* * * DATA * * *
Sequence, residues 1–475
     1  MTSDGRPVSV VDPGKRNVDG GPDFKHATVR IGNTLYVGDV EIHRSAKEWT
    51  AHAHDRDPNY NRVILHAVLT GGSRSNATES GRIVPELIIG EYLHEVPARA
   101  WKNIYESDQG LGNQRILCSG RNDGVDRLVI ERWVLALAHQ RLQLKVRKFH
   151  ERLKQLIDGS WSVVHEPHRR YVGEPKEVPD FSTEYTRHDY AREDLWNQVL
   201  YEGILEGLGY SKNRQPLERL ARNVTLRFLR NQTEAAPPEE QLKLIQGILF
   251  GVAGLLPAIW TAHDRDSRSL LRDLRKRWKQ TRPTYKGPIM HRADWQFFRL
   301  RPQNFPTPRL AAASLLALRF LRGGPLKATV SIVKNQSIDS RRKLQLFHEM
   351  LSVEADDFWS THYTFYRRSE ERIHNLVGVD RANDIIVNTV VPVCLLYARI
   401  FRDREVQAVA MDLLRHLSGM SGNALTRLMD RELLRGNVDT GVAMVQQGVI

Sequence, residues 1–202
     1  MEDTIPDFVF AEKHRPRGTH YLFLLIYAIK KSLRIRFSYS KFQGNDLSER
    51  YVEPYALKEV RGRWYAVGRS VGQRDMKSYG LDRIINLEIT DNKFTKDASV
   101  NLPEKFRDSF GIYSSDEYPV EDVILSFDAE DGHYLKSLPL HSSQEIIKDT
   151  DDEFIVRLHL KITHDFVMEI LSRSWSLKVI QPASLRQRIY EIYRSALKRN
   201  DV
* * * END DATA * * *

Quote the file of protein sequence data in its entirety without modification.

Sequence, residues 1–475
     1  MTSDGRPVSV VDPGKRNVDG GPDFKHATVR IGNTLYVGDV EIHRSAKEWT
    51  AHAHDRDPNY NRVILHAVLT GGSRSNATES GRIVPELIIG EYLHEVPARA
   101  WKNIYESDQG LGNQRILCSG RNDGVDRLVI ERWVLALAHQ RLQLKVRKFH
   151  ERLKQLIDGS WSVVHEPHRR YVGEPKEVPD FSTEYTRHDY AREDLWNQVL
   201  YEGILEGLGY SKNRQPLERL ARNVTLRFLR NQTEAAPPEE QLKLIQGILF
   251  GVAGLLPAIW TAHDRDSRSL LRDLRKRWKQ TRPTYKGPIM HRADWQFFRL
   301  RPQNFPTPRL AAASLLALRF LRGGPLKATV SIVKNQSIDS RRKLQLFHEM
   351  LSVEADDFWS THYTFYRRSE ERIHNLVGVD RANDIIVNTV VPVCLLYARI
   401  FRDREVQAVA MDLLRHLSGM SGNALTRLMD RELLRGNVDT GVAMVQQGVI

Sequence, residues 1–202
     1  MEDTIPDFVF AEKHRPRGTH YLFLLIYAIK KSLRIRFSYS KFQGNDLSER
    51  YVEPYALKEV RGRWYAVGRS VGQRDMKSYG LDRIINLEIT DNKFTKDASV
   101  NLPEKFRDSF GIYSSDEYPV EDVILSFDAE DGHYLKSLPL HSSQEIIKDT
   151  DDEFIVRLHL KITHDFVMEI LSRSWSLKVI QPASLRQRIY EIYRSALKRN
   201  DV